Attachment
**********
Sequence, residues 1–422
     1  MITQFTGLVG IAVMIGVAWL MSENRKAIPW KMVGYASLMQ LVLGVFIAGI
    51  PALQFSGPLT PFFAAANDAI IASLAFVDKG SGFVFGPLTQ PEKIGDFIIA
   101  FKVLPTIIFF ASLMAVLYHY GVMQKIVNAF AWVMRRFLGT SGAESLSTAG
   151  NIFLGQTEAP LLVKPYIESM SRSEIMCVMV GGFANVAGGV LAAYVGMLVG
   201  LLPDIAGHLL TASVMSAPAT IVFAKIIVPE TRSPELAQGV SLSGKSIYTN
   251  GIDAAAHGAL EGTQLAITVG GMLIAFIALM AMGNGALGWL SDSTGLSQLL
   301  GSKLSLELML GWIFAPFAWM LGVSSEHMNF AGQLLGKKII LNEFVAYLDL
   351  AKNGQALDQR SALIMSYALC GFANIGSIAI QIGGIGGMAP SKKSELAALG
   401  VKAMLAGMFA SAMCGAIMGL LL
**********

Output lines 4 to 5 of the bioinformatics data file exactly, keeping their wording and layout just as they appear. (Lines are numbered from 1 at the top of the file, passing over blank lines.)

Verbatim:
   101  FKVLPTIIFF ASLMAVLYHY GVMQKIVNAF AWVMRRFLGT SGAESLSTAG
   151  NIFLGQTEAP LLVKPYIESM SRSEIMCVMV GGFANVAGGV LAAYVGMLVG